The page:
Fibroids, also known as uterine leiomyomas or fibromyomas, are benign (non-cancerous) tumours that grow in and around your uterus. Fibroids can be found in up to 40% of women. Most of these women will not experience any symptoms.  In some women, due to the fibroid’s size or location, it may cause problems requiring treatment. Fibroids grow at a very slow rate and will often have been present for many years before they are diagnosed. They will continue to grow slowly until the menopause after which they usually shrink in size.

Fibroids are categorized by their location, which includes:

  • Intramural – growing in the uterine wall. Intramural fibroids are the most common variety
  • Submucosal – growing in the uterine lining (endometrium). This type tends to cause excessive menstrual bleeding and period pain
  • Subserosal – growing on the exterior wall of the uterus. They sometimes appear like balloon on a stick

The most common fibroid symptoms are heavy, prolonged or painful periods and a feeling of pressure in your lower abdomen. Other symptoms include:

  • Bleeding between periods
  • Abdominal swelling or bloating
  • Feeling pressure in the lower part of your abdomen
  • Frequent urination
  • Lower back pain
  • Constipation, as fibroids can sometimes press against the rectum
  • Haemorrhoids
  • Pain during sex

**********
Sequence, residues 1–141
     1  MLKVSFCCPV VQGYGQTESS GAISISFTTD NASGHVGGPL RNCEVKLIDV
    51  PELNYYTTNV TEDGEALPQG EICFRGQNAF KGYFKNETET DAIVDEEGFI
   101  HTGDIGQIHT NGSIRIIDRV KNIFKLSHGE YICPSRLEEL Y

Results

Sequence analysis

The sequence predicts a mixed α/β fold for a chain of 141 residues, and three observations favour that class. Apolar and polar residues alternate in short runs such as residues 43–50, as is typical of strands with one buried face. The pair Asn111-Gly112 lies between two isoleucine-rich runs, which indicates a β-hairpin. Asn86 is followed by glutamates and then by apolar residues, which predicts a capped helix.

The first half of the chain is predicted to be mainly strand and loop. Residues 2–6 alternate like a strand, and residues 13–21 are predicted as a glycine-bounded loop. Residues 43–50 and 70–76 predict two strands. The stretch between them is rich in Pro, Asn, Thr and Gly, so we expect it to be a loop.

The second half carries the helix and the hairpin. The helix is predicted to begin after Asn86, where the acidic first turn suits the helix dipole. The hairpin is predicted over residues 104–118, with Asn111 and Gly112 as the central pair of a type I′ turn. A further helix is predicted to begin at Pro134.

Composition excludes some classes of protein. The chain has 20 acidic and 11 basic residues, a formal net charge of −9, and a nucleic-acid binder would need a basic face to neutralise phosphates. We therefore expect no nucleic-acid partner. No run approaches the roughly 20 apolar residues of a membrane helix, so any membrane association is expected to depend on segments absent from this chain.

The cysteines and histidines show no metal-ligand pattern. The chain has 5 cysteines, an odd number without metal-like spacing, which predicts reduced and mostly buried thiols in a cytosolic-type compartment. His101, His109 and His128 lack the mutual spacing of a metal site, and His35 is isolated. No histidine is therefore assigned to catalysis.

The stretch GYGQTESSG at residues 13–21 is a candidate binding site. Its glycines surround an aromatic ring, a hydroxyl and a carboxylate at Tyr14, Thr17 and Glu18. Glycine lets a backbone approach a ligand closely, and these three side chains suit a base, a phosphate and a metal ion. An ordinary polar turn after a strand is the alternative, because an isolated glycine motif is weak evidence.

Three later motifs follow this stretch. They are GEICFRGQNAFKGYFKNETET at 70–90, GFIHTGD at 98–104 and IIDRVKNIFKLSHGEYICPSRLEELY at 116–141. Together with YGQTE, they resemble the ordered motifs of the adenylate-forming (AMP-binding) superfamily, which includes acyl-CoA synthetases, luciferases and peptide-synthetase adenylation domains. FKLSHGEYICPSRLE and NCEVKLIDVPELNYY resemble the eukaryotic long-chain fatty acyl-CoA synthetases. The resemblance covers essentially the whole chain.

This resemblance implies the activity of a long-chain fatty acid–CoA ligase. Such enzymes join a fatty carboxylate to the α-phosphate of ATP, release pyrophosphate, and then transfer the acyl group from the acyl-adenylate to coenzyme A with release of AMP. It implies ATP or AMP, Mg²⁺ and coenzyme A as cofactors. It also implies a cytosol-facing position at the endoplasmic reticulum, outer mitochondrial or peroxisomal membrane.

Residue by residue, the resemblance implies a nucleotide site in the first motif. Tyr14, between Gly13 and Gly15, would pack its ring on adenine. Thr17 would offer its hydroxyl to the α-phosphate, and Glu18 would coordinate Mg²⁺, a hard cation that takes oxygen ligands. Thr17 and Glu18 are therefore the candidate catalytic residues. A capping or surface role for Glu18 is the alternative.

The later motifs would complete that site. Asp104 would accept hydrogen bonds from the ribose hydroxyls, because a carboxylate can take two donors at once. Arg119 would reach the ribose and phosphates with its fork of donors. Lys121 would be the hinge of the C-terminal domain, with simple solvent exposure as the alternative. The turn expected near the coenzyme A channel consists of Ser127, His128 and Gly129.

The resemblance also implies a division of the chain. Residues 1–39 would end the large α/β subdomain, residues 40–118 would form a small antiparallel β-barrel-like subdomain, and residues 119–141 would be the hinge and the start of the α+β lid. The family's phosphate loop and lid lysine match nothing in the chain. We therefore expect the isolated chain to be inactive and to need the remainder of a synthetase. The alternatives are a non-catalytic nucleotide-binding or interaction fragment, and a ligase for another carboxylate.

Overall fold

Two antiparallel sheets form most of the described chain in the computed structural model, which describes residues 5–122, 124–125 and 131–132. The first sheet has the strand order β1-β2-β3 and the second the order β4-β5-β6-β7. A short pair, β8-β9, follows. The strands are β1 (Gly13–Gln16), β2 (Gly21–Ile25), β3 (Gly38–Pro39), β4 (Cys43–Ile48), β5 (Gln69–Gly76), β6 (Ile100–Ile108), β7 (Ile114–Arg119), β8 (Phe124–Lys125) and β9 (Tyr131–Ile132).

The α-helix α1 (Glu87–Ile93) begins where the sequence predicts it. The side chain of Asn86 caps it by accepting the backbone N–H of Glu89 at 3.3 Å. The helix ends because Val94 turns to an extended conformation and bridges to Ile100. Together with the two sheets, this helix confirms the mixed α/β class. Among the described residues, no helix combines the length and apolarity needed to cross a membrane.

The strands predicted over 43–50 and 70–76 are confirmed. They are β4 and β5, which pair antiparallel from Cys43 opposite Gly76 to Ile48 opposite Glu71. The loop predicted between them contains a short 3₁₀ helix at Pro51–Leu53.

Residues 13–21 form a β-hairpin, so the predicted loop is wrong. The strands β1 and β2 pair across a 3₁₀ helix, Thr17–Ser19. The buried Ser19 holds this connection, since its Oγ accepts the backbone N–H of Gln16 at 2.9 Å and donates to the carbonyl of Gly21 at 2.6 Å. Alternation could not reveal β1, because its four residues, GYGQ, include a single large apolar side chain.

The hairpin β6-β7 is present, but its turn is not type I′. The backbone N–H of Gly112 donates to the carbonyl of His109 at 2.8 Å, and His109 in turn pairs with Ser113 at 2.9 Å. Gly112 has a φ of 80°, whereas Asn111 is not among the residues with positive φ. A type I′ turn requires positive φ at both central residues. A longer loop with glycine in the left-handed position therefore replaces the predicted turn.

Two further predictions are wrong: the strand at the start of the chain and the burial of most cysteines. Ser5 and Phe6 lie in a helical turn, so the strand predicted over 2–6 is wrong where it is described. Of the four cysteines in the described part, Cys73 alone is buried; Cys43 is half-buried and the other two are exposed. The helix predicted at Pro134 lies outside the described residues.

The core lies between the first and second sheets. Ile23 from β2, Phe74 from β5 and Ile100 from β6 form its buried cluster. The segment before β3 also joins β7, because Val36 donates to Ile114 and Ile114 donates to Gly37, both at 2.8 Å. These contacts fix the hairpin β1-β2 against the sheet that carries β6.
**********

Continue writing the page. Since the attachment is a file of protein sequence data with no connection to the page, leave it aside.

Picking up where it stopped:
Diagnosis of fibroids

When a clinical history or examination suggests fibroids, an ultrasound will be organised to confirm the diagnosis.

Other investigations, such as hysteroscopy (video imagining of the uterine cavity), Computed Tomography (CT) scan or Magnetic Resonance Imaging (MRI) may be required.

Treatment of Fibroids

  • Treatment of fibroids depends on the age of the patient, their location, and the symptoms they cause.
  • Most women will require no treatment at all.
  • If the presenting problem is menstrual irregularities then it is usual to investigate for other causes of heavy periods. When these have been ruled out, a trial of medication may be used as first line management.
  • Women who have a very large fibroid or multiple fibroids that are causing symptoms, and who have completed their family, will usually be offered a hysterectomy. This is usually performed via laparoscopic or robotic surgery.
  • Women with large fibroids who are symptomatic and who still want children may be offered a myomectomy. In case of submucosal fibroids, a hysteroscopic excision is performed. For intramural or subserosal fibroids, the myomectomy is usually carried out via laparoscopic or robotic surgery.